FIG. 2 illustrates an electrostatic printer configuration of the prior art. A paper supply roll 11 feeds a web 13 of paper toward the tensioning roller 15 and the idler 17. The paper passes an optical decoder 19 which reads tracking marks alongthe edge of the paper for proper positioning of the paper. A writing head 21 deposits an electrostatic charge on the paper thereby forming a latent image. The writing head may be a small writing head of the scanning type, moving back and forth acrossthe width of the paper, or may be a full-width head. Downstream of the writing head are the toning stations 23 providing toner in yellow, magenta, cyan and black for separate toning passes, one color for each pass. Paper is moved back and forth in thedirection of arrowheads A and B by motion of the takeup roll 25 in combination with the supply roll 11. A portion of the paper between the takeup roll 25 and the tensioning roller 15 is exposed to ambient air, yet must be returned to the vicinity of thewriting head 21 for subsequent passes of writing and toning. Exposure to variable humidity or changes in temperature in the ambient air between the tensioning roller 15 and the takeup roll 25 will cause small misregistrations at the writing head 21. Within the housing the web portion between the supply roll 11 and the tensioning roller 15 is also exposed to ambient air as the housing is relatively open, allowing mixing of room air with internal air. Also, the temperature within the housing may besomewhat elevated contributing to the drying effect.

Even though registration marks, which can be written by the printer during the first color pass, may permit longitudinal re-registration so that successive color passes are not mis-registered longitudinally, the web can shrink or swell in widthmaking it extremely difficult to achieve accurate dot-on-dot color placement. Also, the changes in paper dimension resulting from loss or gain of moisture contribute to mis-tracking of the web making it difficult to repeat the paper path accuratelyduring successive color passes.

In addition to accuracy, registration, and tracking problems which result from moisture changes in the paper, loss of moisture from the paper in dry ambient air causes a deterioration of the electrical properties of the paper. The paper canbecome relatively insulating electrically making it nearly impossible to get high quality imaging at all. In some cases, moisture pickup from room air can lead to an unacceptable increase in the electrical conductivity. What is needed is a method ofkeeping the moisture level of the paper unchanged from its initial level despite changing ambient conditions.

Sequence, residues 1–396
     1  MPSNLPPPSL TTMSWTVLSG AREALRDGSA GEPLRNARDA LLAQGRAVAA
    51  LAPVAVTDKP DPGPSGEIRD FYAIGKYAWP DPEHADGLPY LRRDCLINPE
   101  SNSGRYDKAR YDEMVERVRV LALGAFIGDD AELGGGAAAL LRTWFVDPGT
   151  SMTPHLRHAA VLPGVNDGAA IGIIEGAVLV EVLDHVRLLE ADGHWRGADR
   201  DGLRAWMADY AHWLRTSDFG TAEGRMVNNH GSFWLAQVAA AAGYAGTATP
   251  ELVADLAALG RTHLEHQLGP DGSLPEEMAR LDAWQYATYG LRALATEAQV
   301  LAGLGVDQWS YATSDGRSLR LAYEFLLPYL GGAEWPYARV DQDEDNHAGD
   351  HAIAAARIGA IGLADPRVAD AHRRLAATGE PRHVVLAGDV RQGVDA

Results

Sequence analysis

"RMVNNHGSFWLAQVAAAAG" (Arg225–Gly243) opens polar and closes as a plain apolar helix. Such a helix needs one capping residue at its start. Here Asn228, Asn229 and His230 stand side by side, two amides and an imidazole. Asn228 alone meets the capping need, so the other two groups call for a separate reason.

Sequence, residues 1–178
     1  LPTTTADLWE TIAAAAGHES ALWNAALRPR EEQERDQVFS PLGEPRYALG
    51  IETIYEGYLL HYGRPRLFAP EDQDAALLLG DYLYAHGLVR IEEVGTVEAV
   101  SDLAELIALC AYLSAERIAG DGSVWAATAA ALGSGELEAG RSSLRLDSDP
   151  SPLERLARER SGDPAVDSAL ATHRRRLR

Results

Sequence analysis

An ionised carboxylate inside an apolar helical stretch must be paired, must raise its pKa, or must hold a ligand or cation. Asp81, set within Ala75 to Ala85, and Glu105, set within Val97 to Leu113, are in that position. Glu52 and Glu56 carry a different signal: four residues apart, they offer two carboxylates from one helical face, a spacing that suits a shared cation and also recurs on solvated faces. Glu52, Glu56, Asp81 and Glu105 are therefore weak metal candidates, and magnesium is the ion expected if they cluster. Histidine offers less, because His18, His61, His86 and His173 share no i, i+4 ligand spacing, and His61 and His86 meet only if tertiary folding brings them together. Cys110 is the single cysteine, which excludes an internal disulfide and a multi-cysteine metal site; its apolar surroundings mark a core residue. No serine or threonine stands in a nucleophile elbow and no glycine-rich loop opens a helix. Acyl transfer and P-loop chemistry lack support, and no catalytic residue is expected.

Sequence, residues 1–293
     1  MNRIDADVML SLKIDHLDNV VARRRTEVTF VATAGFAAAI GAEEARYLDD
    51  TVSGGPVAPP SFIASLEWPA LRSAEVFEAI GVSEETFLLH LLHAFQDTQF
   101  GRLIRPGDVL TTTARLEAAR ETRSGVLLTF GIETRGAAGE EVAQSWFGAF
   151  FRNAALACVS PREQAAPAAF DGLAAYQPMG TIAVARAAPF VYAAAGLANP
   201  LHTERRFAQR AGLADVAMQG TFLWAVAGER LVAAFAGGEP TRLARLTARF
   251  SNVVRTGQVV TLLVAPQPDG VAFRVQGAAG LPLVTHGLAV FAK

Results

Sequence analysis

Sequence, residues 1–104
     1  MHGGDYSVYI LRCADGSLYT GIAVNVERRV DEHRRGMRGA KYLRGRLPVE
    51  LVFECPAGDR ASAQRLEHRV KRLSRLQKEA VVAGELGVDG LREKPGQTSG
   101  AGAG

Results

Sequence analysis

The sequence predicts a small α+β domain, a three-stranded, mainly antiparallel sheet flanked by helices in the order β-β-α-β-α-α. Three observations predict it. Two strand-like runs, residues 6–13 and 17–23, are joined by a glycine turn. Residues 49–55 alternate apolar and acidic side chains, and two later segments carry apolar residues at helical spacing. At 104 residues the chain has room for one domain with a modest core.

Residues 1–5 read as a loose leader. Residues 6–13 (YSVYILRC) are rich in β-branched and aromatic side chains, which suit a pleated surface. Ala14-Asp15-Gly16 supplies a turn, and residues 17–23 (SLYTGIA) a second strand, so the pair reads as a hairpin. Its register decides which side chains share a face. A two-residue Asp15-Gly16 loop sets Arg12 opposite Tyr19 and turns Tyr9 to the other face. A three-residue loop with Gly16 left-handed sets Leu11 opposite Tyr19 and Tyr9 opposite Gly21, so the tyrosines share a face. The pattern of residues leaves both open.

An object of the invention is to improve color registration and accuracy on a print medium which makes multiple passes past a write head in an electrostatic printer or copier. Another object of the invention is to preserve desirable electricalproperties of paper in an electrostatic printer or copier so as to achieve consistently high quality imaging.

SUMMARY OF INVENTION

The above object has been achieved by providing an air-tight housing enclosing a supply roll for the print medium, the takeup roll, the writing head and the toning shoe of an electrostatic printer or copier. Such a housing protects the mediumfrom ambient air which might cause dramatic changes in relative humidity or temperature. The housing is closed during printing, but after printing, a print delivery door associated with the housing will allow ejection of paper while still preservingconditions inside of the housing.